Yarmouth B&B owner lifts lid on secrets of the trade in revealing blog
PUBLISHED: 17:03 28 March 2019 | UPDATED: 17:03 28 March 2019
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Not so long ago ‘hot and cold’ water was billed as a selling point and you were kicked out by your seaside landlady after breakfast, and not allowed home ‘til dinner.
Today’s B&B guest is likely to want a lavish breakfast banquet while running a white-gloved finger over the top of all surfaces as expectations shift.
Great Yarmouth guest house owner Gary Smith is lifting the lid on how things have changed in an online blog which chronicles the last ten years since he and his wife took over the ropes at Kilbrannan in Trafalgar Road, Great Yarmouth.
In it he explains how higher expectations from paying guests and online booking and review sites have changed how the traditional B&B operates helping them to fill rooms year-round, but bringing some pitfalls too as they up their game.
Where once owners sunned themselves on the doorstep touting for business - and also turning some away - unvetted tourists who have booked online are now the main room-fillers.
He explains when they first took over in 2008 around 30pc of rooms in the summer were booked by returning visitors with 70pc booked on spec.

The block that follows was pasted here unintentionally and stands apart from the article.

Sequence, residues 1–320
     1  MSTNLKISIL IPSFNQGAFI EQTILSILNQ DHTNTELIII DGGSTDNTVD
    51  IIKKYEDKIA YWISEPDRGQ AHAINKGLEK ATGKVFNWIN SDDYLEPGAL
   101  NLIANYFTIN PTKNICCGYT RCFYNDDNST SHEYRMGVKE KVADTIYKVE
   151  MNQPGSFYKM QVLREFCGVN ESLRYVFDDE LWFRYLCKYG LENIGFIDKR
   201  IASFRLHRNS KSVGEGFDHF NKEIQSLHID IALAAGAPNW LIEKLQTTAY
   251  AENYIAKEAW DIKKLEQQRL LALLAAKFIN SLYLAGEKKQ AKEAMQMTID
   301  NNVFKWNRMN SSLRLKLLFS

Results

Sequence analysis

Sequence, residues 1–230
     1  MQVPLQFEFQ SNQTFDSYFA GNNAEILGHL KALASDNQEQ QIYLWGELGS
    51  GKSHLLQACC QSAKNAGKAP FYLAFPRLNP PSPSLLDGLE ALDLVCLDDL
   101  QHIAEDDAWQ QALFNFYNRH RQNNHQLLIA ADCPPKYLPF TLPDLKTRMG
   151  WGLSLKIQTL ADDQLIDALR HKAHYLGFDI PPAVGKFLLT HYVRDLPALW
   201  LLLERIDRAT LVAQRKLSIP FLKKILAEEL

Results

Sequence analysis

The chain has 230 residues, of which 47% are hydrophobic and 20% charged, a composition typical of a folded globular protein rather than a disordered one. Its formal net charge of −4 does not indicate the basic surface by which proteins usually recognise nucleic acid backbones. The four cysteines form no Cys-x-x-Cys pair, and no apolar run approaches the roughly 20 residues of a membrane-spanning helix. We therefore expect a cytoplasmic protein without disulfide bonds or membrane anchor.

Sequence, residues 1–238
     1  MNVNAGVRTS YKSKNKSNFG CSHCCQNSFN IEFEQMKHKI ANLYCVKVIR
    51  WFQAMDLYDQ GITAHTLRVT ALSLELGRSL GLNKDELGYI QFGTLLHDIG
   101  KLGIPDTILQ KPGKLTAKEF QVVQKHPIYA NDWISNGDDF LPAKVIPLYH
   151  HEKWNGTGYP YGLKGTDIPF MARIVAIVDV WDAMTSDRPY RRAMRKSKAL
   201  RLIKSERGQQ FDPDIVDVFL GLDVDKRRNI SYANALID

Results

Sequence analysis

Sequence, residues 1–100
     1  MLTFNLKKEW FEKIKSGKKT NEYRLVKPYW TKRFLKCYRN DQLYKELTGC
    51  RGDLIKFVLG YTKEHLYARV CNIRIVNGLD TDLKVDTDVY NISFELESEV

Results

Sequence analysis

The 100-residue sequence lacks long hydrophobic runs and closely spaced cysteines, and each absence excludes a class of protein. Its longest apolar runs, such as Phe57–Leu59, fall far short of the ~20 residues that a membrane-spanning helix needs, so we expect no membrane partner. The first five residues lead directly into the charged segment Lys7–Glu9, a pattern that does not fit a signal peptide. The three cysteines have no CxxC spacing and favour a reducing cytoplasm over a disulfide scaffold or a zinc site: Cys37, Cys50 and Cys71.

With the advent of booking sites came a new flexibilty without relying on hot weather to lure in doorstep chancers.
But it lead to a price and ranking war with those who paid higher commission able to get themselves higher up on the site.
By 2010 there were multiple sites all offering different incentives.
Then came the starred reviews.
Mr Smith writes: “Reviews immediately changed the way any accommodation owner runs his/her business because now, suddenly, people have been given the power to report back any thoughts about their stay and are also enabled with the ability to score certain areas of the accommodation on an ‘available for everyone to see’ platform.
“In days past, if a person enjoyed their stay, they would return another time and tell family and friends all about it.
“If they didn’t enjoy their stay they just wouldn’t return or recommend to anyone.”
Feedback would even include what make of toilet roll was used.
After some “uncomfortable encounters” the “vacancies” sign was taken out of the window, he writes, adding: “It seemed the only on spec people had some sort of issue such as being drunk, or being thrown out of somewhere else, or was obviously high on something, or had an attitude of some sort.
“Some owners still use the vacancy signs to this day and we regularly hear of some of the horrible issues that have been encountered.”
Now Kilbrannan is encouraging people to book with them direct, driving down commission with booking sites, although they are still listed for new customers.